Peter Hibberd, M.D., is a doctor whose advice is based on more than 28 years of hospital outpatient and inpatient experience. He is an experienced emergency medicine physician, surgeon, and consultant. Dr. Hibberd is certified by the American Board of Emergency Medicine. He is also a fellow and active member of the American Academy of Family Physicians, an active member of the American College of Emergency Physicians, and a member and fellow of the American Academy of Emergency Medicine. Dr. Hibberd has earned numerous national and international professional certifications, memberships, and awards.
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Are Irregular EKGs Dangerous?

Thursday, 27 Oct 2011 08:55 AM

Question: I am 59 years old and have had irregular EKGs for over 10 years now. I have been told I have an enlarged heart, and I often have heart palpitations. If there is heart disease in my family, should I be concerned? Is there any reason that I should see a cardiologist.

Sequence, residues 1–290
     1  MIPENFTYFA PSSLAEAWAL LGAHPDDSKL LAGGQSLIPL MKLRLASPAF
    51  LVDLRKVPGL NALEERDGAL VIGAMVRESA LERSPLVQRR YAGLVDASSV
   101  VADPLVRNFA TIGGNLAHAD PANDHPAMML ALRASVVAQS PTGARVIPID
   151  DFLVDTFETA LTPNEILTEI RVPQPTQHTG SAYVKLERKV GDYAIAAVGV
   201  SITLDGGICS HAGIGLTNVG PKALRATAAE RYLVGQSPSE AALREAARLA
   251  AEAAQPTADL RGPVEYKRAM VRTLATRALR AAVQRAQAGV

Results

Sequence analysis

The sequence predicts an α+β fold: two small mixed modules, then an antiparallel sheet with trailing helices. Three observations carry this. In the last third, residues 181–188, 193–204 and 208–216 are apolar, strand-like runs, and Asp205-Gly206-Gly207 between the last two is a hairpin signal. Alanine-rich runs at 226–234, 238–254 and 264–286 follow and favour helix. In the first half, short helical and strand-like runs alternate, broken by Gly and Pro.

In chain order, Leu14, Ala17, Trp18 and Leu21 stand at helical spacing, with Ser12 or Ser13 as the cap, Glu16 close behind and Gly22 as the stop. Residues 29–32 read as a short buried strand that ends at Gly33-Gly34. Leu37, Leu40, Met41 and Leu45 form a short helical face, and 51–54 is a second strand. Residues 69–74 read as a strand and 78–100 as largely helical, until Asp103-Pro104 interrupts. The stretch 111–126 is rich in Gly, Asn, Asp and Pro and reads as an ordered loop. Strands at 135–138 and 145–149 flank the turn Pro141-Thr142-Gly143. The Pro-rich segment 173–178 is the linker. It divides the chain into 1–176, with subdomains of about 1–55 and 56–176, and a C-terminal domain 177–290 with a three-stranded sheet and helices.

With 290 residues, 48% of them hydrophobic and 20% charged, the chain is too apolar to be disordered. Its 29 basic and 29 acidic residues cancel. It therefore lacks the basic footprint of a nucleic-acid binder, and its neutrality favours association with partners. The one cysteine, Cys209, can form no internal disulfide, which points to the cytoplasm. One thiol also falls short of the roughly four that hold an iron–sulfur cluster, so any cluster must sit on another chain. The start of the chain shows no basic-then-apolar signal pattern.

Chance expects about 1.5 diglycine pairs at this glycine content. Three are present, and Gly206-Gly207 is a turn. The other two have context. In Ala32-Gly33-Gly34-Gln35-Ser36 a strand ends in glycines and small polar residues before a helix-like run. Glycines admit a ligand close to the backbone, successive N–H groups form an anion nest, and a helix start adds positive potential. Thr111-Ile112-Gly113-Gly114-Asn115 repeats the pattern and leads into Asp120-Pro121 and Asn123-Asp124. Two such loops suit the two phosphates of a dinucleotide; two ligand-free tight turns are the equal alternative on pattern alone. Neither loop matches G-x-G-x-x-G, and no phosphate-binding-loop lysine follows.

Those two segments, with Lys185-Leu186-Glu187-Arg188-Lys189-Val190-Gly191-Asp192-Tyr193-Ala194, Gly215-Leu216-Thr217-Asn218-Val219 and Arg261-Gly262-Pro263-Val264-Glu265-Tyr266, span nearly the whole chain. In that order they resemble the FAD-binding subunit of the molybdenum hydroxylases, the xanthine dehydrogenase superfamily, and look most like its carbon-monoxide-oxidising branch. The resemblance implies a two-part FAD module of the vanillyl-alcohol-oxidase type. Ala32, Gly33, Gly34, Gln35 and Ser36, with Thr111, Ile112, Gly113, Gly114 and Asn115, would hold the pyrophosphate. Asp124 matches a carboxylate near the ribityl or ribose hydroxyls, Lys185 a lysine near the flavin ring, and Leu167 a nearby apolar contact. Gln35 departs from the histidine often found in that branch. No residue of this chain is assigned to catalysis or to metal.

Dr. Hibberd's Answer:
An enlarged heart with family history of heart disease and new-onset of palpitations (heart flutters) of unknown type present a recipe for impending problems, perhaps serious. I recommend you be immediately evaluated.
See your personal medical doctor today without delay. If there will be a delay to see you, consider an evaluation at the emergency department of a nearby hospital, especially if you are having palpitations today. This way, you can sort out if these irregular beats are dangerous or not. Some irregular beats are warnings of heart irritability or poor circulation, even absent of chest pain, and must be evaluated by a professional as soon as possible. Some irregular beats demand emergency management and intervention, while others can be managed as an outpatient.
An emergency physician is experienced in managing complaints such as yours, and will advise you on the safest route to follow. You will not know until you have an evaluation.
Start asking yourself why your heart is enlarged, if it could suddenly stop without you being aware, and if the palpitations are isolated or a part of an ACS (acute coronary syndrome) that is developing. Then you will realize that you have no time to ponder these questions. You may not get much more warning than this prior to a cardiac arrest.

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